Another enhancement was the addition of a Globals setting called ConnectionScopePerThread. The default is “true” which matches the behavior in prior releases. If you set this to “false”, it means connection scopes are bound to your service scope instead – when a service scope goes “out of scope”, it will close any associated connection scope. This might be clearer for some and has importance for synchronization: when we’re running things like asynchronous saves, when our connection scope ends, we can be sure all work that’s part of any saving done on that connection has been completed.

I also added some additional settings related to “system parameters” such as default dictionary sizes, estimated scope sizes, etc. The defaults for these are generally “good enough” for most situations – but when you get 2,000,000 objects in a service scope (like I had in my example!), adjusting these settings can help improve performance further (e.g. by avoiding large, expensive dictionary resizes).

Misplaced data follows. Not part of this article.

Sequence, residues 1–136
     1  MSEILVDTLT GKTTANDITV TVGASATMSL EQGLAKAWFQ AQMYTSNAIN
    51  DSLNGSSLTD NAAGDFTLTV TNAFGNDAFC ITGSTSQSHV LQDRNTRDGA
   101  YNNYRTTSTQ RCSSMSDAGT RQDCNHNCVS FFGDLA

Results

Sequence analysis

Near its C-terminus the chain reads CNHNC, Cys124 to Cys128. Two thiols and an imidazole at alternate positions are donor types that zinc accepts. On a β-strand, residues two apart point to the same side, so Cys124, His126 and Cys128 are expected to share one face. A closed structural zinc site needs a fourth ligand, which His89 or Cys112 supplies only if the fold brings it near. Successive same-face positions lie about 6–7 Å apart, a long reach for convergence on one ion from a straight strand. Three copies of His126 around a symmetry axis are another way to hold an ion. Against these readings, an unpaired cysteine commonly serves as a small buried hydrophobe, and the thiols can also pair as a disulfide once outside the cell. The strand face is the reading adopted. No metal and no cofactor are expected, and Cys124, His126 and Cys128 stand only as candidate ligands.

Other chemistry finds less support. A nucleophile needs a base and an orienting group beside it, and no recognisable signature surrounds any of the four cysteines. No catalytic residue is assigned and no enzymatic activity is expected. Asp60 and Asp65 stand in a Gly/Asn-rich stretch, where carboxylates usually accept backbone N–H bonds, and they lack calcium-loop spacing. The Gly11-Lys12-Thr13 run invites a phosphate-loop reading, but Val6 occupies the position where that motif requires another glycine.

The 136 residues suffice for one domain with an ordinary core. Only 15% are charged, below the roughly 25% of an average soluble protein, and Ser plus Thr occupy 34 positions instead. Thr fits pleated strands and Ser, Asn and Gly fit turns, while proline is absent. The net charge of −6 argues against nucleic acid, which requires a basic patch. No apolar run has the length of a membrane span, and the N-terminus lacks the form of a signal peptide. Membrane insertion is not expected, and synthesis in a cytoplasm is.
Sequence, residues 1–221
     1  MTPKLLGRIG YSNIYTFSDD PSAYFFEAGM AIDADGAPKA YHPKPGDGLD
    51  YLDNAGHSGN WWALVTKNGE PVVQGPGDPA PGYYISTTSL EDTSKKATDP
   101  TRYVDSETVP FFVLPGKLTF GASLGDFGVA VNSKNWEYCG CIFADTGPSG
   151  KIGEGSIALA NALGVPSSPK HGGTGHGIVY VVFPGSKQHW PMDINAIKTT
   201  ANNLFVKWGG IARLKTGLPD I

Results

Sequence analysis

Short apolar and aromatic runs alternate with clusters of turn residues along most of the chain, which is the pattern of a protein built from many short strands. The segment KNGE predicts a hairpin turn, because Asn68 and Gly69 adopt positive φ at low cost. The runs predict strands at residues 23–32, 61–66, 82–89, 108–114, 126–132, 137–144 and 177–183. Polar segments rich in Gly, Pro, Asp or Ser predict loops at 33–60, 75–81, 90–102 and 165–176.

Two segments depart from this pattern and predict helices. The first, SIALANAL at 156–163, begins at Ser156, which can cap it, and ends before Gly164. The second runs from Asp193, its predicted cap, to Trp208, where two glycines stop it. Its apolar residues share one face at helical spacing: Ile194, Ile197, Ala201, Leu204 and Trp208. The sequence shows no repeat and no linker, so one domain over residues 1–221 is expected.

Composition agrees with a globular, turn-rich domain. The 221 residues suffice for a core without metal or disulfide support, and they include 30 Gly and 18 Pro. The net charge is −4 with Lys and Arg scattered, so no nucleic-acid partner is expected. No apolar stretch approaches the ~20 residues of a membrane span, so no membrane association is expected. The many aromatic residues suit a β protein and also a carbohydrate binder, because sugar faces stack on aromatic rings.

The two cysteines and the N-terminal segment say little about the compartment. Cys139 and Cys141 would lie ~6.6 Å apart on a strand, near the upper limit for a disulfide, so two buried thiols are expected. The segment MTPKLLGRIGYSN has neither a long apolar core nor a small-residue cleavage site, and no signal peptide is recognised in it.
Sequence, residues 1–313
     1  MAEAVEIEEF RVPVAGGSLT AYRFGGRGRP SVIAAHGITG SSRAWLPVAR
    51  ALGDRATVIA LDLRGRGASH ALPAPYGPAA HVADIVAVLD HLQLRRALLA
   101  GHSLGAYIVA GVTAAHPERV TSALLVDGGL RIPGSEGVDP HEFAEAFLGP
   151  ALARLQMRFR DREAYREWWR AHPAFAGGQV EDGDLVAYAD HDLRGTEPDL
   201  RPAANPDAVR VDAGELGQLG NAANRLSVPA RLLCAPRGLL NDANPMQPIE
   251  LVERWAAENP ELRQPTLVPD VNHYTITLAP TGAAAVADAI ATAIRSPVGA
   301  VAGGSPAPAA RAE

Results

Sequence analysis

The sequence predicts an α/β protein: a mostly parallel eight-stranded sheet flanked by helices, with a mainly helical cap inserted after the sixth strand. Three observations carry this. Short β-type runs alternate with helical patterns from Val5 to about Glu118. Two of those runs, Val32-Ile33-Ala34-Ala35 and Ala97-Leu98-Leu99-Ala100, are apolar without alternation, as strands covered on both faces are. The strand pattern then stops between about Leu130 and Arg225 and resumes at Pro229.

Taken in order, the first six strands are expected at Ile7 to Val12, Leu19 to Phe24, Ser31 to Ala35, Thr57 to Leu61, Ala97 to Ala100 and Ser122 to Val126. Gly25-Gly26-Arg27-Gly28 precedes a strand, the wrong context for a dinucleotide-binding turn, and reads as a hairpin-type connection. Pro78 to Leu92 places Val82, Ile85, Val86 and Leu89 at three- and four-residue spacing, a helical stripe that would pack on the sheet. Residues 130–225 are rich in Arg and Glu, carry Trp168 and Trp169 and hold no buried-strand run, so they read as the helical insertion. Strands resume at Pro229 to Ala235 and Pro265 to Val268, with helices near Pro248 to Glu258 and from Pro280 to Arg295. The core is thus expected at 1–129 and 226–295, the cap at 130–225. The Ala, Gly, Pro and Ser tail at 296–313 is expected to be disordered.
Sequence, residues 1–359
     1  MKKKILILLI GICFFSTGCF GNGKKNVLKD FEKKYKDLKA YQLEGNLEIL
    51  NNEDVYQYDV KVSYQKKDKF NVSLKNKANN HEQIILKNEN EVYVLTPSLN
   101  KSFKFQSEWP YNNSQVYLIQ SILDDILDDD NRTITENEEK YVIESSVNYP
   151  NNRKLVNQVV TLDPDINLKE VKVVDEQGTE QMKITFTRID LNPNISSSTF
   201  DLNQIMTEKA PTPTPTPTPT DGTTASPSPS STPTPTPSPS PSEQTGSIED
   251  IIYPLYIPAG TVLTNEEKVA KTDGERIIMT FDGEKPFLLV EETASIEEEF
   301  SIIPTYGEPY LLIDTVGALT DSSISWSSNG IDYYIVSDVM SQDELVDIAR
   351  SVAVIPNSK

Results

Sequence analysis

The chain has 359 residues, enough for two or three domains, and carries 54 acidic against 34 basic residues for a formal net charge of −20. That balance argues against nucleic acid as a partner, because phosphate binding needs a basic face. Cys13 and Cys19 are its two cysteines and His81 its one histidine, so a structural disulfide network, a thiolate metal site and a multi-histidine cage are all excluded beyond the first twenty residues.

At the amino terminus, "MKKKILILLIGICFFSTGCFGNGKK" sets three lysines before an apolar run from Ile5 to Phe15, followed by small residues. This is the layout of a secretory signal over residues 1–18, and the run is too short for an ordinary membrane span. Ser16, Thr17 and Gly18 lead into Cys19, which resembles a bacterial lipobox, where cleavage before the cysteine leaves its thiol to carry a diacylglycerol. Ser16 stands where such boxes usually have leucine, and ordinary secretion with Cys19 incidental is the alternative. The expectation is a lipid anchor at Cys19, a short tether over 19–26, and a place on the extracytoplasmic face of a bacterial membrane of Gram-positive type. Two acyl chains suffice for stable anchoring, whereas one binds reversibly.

What’s Next?


My intent is to with the next release, provide some ZableDB bits that can be pulled from NuGet. ZableDB will be a data provider extension that sits on top of CodexMicroORM, as illustrated here:

(In blue are components that are included in the existing CodexMicroORM package on NuGet.)

I encourage you to sign-up on xskrape.com to get e-mail notifications when new articles are published – I’ll be providing updates like this one, showing my thought process along the way. I also encourage you to visit our proposed ad on StackOverflow: by voting for it, after a certain threshold we can participate in getting some free promotion as an open-source project – a big “thank you” in advance!


- codexguy